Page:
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4.3 out of 5 stars
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on 20 May 2014
Having received this beast about 3 weeks ago from Amazon, we felt it was time to add a review since it is really hard to decide whether or not to go for it.
Having had several AVR's before (two Yamahas and a JVC) I can only rave about the sound this Sony delivers. The online reviews and awards are certainly justified on that front. It packs a mighty punch on soundtracks - so mighty in fact that anyone living in a flat will probably opt to turn on Dynamic Compression because there seems to be vast 'distance' between loudness extremes when such compression is turned off, just as would be the case in a cinema. So yes, you will feel 'blown away' when watching action movies, but also enamoured when watching a delicate movie too. It all sounds crystal clear and embued with remarkable depth. Reviews have mentioned a sense of 3D with the soundscapes this AVR presents, and I can certainly go along with that, both for music and film. By contrast, my previous Yamaha was certainly a bit lacking in highs, and the JVC veered to a grating sharpness on highs but was otherwise better than the Yamaha for clarity, surprisingly.
Tip for PS3 users: To get full HD surround sound, set sound output to HDMI and PCM to let the PS3 do the decoding as the PS3 otherwise does not output the best HD sound - and don't worry that your amp doesn't show HD sound, you will still get all channels in amazing HD sound and this is verified when checking the output sound via the PS3 display button.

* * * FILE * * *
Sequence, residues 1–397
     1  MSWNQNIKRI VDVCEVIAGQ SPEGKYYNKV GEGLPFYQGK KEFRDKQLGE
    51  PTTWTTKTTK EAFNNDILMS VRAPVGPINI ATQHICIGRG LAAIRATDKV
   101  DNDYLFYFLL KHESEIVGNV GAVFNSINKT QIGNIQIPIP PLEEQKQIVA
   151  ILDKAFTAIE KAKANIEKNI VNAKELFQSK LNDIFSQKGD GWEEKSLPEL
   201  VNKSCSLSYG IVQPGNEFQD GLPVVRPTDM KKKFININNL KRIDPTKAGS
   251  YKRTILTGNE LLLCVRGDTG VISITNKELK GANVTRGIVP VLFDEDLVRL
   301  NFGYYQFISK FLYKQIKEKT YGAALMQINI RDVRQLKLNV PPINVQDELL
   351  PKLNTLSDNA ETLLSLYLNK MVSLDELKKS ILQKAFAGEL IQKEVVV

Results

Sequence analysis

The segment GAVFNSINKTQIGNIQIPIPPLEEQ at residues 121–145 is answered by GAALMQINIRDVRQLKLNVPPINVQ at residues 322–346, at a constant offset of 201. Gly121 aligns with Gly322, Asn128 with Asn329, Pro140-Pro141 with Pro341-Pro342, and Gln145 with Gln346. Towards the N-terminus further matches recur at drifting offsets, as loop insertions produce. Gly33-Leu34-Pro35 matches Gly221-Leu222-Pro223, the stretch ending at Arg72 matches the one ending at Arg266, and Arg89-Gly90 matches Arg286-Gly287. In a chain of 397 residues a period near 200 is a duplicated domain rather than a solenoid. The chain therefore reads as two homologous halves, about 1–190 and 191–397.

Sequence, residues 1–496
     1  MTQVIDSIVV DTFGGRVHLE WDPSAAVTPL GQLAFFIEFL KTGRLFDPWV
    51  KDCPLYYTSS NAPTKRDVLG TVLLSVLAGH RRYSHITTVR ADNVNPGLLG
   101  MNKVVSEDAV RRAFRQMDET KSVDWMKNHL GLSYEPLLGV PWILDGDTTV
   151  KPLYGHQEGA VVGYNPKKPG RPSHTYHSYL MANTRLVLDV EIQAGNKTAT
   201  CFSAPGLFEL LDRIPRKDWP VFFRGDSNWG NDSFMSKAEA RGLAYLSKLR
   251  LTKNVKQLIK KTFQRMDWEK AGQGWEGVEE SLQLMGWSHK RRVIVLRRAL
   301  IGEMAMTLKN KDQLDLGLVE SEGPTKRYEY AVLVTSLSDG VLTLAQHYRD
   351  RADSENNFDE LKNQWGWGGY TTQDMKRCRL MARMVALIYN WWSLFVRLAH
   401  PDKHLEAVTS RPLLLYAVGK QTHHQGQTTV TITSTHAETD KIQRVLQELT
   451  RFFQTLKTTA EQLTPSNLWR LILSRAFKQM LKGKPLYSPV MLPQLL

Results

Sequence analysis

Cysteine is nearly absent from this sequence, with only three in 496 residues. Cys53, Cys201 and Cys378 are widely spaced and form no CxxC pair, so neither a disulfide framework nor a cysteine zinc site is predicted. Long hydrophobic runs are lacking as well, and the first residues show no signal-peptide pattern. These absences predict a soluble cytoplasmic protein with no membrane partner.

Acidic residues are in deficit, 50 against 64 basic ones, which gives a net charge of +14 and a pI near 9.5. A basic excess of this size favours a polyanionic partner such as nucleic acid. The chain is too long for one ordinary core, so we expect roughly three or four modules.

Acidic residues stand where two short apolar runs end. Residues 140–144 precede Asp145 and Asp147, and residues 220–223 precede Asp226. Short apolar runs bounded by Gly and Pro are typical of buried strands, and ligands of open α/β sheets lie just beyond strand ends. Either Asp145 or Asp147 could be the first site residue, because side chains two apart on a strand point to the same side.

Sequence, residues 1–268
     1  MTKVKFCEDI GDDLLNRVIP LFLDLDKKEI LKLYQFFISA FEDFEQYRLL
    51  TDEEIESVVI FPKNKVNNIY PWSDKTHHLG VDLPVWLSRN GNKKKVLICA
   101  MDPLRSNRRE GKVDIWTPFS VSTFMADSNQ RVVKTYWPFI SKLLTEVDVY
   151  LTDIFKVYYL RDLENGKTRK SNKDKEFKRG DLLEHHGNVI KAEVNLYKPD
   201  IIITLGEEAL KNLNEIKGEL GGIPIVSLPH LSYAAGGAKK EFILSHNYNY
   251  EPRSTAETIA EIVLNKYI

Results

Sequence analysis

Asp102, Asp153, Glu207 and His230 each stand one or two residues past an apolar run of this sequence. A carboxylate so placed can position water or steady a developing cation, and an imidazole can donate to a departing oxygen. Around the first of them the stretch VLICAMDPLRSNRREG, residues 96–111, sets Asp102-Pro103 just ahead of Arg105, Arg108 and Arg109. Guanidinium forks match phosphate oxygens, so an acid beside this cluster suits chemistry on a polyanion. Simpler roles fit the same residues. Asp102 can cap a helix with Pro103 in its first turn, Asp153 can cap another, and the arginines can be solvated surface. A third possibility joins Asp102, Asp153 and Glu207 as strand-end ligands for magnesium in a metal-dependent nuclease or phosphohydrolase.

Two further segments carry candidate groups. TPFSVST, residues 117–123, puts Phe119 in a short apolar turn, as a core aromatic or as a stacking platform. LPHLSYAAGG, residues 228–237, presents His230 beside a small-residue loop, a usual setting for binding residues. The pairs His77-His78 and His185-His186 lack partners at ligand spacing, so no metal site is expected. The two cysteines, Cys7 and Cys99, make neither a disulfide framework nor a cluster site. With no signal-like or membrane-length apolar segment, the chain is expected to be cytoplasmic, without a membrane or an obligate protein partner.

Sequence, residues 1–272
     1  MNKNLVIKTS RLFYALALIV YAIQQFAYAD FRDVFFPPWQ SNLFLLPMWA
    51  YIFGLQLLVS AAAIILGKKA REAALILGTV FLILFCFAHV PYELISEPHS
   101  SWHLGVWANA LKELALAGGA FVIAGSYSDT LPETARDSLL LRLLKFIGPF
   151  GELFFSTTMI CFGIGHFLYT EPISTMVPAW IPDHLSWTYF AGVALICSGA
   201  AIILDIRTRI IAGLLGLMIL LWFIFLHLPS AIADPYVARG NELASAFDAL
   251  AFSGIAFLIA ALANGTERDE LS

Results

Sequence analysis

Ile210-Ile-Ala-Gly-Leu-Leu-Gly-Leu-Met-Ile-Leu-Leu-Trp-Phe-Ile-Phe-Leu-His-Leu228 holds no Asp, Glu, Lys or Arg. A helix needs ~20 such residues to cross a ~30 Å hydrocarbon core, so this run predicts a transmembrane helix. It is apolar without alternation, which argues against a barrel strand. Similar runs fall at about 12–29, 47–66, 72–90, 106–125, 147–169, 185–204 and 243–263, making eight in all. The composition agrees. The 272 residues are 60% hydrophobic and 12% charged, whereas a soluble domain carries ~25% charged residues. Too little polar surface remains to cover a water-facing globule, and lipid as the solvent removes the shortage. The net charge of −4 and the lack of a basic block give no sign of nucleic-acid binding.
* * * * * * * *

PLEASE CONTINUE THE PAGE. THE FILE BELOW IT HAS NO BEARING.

Also of interest are several other audio features: Sound Optimization, Pure Direct and Digital Legato Linear. Sound Optimization is Sony's own equivalent of a Loudness button. It very successfully enriches midtones and clarifies high range sounds at low volumes, so you can continue enjoying the soundscape of an exciting film if your partner goes to sleep or whatever. It can be turned on with a Low or Normal setting according to preference. Pure Direct shuts off all digital circuits in the machine, including its front panel display, in order to boost clarity of sound by eradicating very low level hum that is associated with complex digital circuitry. It only works with analogue inputs, so I don't really bother with it too much but it does sound nice and clean. Digital Legato Linear takes a typical 44khz recording (e.g. CD or MP3) and upscales the audio to higher resolution, with the result that it sounds more airy and vital, yet has as much or more punch where needed - I have found setting 2 to be the best of the two on offer.
While the Sony is rather outdatedly aimed more to please Apple fans with Airplay whilst bizarrely omitting Bluetooth for UK Android users etc., it is worth remembering that sound quality on these methods is inferior to the wonders that will be experienced with HDMI cable connection.